Grapefruit Seed Extract (GSE) is one of the most potent antifungal, antibacterial, and antimicrobial natural products. It is highly regarded not just for its antimicrobial effects, but for its safe usage. In 1972, Dr. Jakob Harich discovered grapefruit seed extract from processing the seeds and pulp into a bitter-tasting, highly acidic liquid. He found that the extract deactivated fungi (including yeast), parasites, and viruses. It was traditionally used in agriculture to prevent mold from growing on foodstuff. Hospitals began using the compound as an antiseptic, and it has been used in pools as a natural alternative to chlorine.
Today, many individuals use the extract to treat many conditions, including:
- Toenail fungus
- Tinea versicolor
- Wart removal
- UTI Infections
- Blood pressure
- Blood sugar
Other benefits of the extract is include fighting the common cold, flu, and yeast infections. South-West Nigeria has traditionally used grapefruit seed extract for managing weight and diabetes. In 2008, A.A. Adeneye at Lagos State University College of Medicine, Nigeria, conducted a study on rats that validated the extract's use for weight loss and blood sugar, as well as lowering the risk of cardiovascular disease. The Journal of Physiology and Pharmacology published a study in 2004 concluding that GSE has protective activity against pancreatitis.
GSE is found in natural disinfectants and as a natural preservative in products to prevent mold and bacteria contaminants. Paulraj Kanmani and Jong-Whan Rhim at Mokpo National University published a study in 2014 demonstrating a high potential for a carrageenan and GSE composite film being used for active food packaging or for antimicrobial properties as the blend showed strong antibacterial activity against food borne pathogens. Spraying chicken skin with GSE found a reduction in the numbers of Salmonella in a study published in 1998 by the Journal of Food Protection.
Natural products such as GSE were found to be an effective antibacterial for controlling foulbrood, a dangerous disease in bees (particularly honeybees), and could be used in place of chemotherapeutic products as suggested in a study published in 2004 by Veterinaria Italiana.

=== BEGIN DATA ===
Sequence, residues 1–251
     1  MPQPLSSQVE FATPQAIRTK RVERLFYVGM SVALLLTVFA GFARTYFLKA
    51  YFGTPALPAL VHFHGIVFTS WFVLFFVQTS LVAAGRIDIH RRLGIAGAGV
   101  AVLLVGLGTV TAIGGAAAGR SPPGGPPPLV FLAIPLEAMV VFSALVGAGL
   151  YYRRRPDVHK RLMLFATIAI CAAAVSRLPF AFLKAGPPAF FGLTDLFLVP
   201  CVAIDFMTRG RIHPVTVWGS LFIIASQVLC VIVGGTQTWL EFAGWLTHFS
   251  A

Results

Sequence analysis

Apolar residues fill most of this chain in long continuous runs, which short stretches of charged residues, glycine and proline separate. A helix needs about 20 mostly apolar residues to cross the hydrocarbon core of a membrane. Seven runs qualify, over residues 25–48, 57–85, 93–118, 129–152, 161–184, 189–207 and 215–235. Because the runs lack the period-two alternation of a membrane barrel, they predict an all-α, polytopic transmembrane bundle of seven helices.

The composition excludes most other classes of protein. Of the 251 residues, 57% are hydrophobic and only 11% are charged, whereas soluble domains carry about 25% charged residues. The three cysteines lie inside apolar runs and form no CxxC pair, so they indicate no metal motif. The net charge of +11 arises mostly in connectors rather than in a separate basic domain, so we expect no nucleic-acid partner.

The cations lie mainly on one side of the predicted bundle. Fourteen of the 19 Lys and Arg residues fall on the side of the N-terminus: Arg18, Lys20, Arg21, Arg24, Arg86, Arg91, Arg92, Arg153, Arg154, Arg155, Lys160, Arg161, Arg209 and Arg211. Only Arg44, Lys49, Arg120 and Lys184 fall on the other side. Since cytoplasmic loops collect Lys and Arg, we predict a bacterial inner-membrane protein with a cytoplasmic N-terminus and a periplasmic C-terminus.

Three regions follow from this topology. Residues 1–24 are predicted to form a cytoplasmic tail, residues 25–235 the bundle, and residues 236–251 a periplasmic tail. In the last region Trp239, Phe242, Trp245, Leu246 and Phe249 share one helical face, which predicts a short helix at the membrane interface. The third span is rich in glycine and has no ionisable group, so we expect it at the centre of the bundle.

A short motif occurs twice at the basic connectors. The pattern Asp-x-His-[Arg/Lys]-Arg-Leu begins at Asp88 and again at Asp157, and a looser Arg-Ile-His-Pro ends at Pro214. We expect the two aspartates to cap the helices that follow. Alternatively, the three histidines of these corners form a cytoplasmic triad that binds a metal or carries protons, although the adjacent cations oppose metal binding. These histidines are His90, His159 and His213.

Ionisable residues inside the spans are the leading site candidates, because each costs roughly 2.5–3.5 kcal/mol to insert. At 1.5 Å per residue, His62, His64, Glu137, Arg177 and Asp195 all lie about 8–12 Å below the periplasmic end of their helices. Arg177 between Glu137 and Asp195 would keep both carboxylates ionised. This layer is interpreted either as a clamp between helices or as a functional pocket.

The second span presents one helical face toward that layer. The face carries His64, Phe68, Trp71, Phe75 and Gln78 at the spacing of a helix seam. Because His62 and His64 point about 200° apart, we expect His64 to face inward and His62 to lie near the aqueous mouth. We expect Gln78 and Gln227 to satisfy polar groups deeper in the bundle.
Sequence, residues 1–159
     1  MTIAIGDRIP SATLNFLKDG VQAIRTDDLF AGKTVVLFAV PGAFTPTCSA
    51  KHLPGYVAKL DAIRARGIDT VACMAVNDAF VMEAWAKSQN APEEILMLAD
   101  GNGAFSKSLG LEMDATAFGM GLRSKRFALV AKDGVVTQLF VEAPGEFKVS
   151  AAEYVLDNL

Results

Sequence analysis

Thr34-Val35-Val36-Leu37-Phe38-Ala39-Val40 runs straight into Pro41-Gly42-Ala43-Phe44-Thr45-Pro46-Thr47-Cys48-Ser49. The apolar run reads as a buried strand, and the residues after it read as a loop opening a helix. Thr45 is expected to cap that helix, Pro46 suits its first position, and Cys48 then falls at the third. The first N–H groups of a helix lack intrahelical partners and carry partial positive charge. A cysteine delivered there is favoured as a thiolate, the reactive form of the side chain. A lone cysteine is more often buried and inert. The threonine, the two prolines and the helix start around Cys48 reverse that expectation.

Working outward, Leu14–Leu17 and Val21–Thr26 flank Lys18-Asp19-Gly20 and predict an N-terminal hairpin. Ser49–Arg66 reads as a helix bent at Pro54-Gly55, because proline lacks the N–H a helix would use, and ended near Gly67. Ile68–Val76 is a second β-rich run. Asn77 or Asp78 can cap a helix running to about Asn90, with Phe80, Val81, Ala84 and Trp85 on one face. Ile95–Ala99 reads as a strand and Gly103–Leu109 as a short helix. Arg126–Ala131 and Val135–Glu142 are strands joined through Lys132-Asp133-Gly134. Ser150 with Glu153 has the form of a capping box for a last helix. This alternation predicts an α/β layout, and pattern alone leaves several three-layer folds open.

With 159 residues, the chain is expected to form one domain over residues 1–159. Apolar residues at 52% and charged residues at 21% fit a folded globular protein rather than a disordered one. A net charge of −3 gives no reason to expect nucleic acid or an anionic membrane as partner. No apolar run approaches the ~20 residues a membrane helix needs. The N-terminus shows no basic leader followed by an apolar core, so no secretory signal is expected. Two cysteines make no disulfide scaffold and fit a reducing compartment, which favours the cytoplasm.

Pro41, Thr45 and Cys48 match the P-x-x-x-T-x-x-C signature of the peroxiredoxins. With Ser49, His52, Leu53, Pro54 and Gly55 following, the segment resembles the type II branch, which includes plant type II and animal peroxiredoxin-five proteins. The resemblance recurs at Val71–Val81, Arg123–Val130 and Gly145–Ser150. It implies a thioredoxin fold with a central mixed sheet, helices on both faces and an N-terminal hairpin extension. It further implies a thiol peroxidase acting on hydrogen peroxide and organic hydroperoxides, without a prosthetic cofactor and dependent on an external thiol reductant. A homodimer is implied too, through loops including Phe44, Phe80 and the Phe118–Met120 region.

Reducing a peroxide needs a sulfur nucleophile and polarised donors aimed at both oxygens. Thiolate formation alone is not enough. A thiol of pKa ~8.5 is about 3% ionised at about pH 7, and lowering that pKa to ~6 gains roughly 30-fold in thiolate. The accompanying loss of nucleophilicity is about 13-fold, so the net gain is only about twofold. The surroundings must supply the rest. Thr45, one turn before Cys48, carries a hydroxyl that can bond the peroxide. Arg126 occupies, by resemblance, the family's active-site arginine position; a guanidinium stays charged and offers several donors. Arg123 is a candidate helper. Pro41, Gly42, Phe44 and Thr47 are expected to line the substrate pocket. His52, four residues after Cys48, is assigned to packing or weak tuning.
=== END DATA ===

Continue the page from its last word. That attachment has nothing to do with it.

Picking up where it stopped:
Side Effects and Controversy
While no side effects were reported in a 1990 study that demonstrated grapefruit seed extract's antimicrobial activity, the extract may have contraindicates with hypersensitive individuals. Nausea, abdominal pain, gastralgia, diarrhea, sore throat and headache have been reported, however few side effects are well-documented.
If any rash, itching, or swelling emerges, especially in the throat, tongue, or face, or if you are having trouble breathing or experience dizziness, seek medical attention as these symptoms could be from a rare, but severe, allergic reaction. Anyone taking a prescription medication where grapefruit must be avoided should take low dosages of the seed extract at irregular intervals.
Adverse effects by those taking warfarin were reported to the Swedish Medical Products Agency, and a 2007 study published in the European Journal of Clinical Pharmacology revealed that three GSE products analyzed contained the synthetic preservative benzethonium chloride and no actual GSE extract.
However, much controversy is not over GSEs efficacy, or the dangerous amounts of chemicals within the extract, but rather a claim that it is natural. While benzethonium chloride can be concerning for some people, small dosages taken during short intervals of time should not be cause for alarm.